I work on a certain topic on the theoretical side and just came across a publication that I think would be a nice starting point for collaboration with an experimental lab (developmental biology).

I am a second-year student in Europe and my supervisor does not know anyone in the other lab. The question title mentions e-mail specifically as I don't expect to run into these people at conferences or any other occasion.

What are common rules and guidelines you follow when contacting someone for the first time about stuff that they work on and you feel excited about?

How do some of you that are contacted by people like me react to their attempts? And what are aspects to these requests that trigger interest on your part?

1 Answer 1


A collaboration is comparable to a business relationship; both sides need to put significant, continuous effort into making the relationship work, and the benefits are often only realized after some initial time period has passed. Given that mindset, you'll have to convince the prospective collaborator that:

  1. You are a good researcher,
  2. Your idea is worth researching, and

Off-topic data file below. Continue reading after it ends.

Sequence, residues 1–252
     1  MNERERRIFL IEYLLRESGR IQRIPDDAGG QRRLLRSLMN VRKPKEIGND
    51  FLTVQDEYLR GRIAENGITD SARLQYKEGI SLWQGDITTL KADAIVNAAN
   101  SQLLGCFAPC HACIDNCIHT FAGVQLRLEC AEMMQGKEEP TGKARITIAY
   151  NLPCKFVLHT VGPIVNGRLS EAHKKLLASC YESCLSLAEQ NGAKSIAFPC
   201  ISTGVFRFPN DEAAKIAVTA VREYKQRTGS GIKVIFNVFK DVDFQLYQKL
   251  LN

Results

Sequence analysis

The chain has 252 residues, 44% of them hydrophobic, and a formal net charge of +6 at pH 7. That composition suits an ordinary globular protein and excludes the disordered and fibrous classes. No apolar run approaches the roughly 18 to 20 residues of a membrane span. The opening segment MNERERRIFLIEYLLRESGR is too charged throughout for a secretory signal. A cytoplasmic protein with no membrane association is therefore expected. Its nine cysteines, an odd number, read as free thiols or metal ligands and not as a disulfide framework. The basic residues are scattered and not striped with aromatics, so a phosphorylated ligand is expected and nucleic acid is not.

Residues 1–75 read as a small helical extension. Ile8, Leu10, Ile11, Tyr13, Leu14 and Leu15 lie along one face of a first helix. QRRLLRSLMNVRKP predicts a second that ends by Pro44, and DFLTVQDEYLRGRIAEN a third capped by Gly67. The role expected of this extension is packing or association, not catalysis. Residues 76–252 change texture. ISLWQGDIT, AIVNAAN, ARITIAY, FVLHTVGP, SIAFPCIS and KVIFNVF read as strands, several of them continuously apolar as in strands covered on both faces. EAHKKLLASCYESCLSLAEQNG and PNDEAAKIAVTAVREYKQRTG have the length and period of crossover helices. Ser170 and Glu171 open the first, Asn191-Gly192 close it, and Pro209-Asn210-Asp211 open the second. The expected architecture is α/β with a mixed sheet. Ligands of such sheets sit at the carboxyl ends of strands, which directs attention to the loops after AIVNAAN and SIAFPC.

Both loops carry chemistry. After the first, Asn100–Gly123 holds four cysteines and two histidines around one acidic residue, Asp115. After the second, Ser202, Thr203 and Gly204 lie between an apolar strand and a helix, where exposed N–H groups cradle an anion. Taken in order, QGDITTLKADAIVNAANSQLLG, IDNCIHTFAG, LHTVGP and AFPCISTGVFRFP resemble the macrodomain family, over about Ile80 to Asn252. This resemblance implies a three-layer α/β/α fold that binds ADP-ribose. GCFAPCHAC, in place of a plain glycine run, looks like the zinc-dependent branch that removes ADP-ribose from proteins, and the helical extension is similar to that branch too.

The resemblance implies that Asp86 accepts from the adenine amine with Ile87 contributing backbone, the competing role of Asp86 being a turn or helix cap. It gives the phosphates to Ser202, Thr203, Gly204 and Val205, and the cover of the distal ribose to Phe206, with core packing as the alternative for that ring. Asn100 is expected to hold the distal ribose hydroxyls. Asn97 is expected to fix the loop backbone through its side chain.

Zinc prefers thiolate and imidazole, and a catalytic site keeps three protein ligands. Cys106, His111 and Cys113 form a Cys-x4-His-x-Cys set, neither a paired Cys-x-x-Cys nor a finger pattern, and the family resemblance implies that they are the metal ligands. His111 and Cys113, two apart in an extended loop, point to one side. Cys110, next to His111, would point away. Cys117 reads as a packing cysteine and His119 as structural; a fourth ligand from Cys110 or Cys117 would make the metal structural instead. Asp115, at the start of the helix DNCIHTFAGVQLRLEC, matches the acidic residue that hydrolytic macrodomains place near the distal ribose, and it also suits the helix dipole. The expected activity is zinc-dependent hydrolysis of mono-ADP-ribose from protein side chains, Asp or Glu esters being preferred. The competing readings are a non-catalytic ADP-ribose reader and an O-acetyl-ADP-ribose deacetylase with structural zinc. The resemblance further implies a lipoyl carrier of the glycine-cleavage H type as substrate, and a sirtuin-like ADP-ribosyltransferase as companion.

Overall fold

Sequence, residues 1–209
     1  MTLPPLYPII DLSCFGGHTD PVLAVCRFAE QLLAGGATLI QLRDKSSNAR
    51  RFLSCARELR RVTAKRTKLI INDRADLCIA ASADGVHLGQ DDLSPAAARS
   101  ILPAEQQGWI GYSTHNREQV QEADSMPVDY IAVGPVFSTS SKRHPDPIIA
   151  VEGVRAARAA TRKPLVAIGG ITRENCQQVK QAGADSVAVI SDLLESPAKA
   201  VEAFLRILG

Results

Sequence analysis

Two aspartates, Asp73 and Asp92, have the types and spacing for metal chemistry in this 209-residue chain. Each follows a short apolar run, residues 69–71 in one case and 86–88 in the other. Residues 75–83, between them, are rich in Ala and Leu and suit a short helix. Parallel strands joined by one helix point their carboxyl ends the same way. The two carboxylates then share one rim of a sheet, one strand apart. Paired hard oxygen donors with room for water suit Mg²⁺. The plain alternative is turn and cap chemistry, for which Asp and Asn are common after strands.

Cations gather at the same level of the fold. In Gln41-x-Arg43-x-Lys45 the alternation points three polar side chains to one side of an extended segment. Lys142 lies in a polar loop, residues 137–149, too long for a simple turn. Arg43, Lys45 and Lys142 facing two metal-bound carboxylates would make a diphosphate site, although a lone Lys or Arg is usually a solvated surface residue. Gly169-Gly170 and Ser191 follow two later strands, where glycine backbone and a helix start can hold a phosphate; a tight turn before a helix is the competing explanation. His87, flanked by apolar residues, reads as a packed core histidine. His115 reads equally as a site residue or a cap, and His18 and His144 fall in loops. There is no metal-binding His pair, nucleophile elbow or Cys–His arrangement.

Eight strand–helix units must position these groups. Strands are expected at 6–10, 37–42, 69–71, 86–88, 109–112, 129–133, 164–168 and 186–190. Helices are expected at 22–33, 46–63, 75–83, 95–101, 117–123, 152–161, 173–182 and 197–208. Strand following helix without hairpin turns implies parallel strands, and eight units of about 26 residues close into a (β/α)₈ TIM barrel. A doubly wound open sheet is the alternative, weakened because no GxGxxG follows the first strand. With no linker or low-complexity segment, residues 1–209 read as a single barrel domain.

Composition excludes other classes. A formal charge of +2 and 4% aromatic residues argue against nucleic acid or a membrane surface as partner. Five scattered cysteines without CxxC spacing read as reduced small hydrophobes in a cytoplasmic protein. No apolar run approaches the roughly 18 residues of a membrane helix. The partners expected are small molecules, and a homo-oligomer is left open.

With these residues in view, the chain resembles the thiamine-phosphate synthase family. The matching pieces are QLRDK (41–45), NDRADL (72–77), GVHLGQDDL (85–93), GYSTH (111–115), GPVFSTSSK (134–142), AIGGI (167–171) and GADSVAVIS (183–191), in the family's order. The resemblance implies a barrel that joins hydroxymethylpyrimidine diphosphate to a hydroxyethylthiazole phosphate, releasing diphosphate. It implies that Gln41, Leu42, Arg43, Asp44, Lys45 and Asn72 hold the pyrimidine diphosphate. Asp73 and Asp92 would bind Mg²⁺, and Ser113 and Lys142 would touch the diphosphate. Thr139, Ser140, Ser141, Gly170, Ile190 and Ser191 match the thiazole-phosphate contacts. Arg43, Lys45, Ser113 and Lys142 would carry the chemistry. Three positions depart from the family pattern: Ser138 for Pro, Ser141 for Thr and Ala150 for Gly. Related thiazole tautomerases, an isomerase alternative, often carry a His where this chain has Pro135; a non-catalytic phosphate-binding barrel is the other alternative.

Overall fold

3. They will significantly benefit from having your cooperation in implementing this idea.

<negative nelly> From my experience, as a graduate student, you will likely find it very difficult to succeed at convincing them of 1 and/or 3 without having the full backing of your advisor. </negative nelly>

All that being said, if you plan on initiating contact via email, simply compose it as you would a communique to a business contact; write professionally, describe the idea clearly and briefly, and discuss how they should contact you to follow up. You will want to convince them of all three in the email, which may be a difficult task. I would imagine you should follow up via phone or in-person meeting, as you would a business contact.

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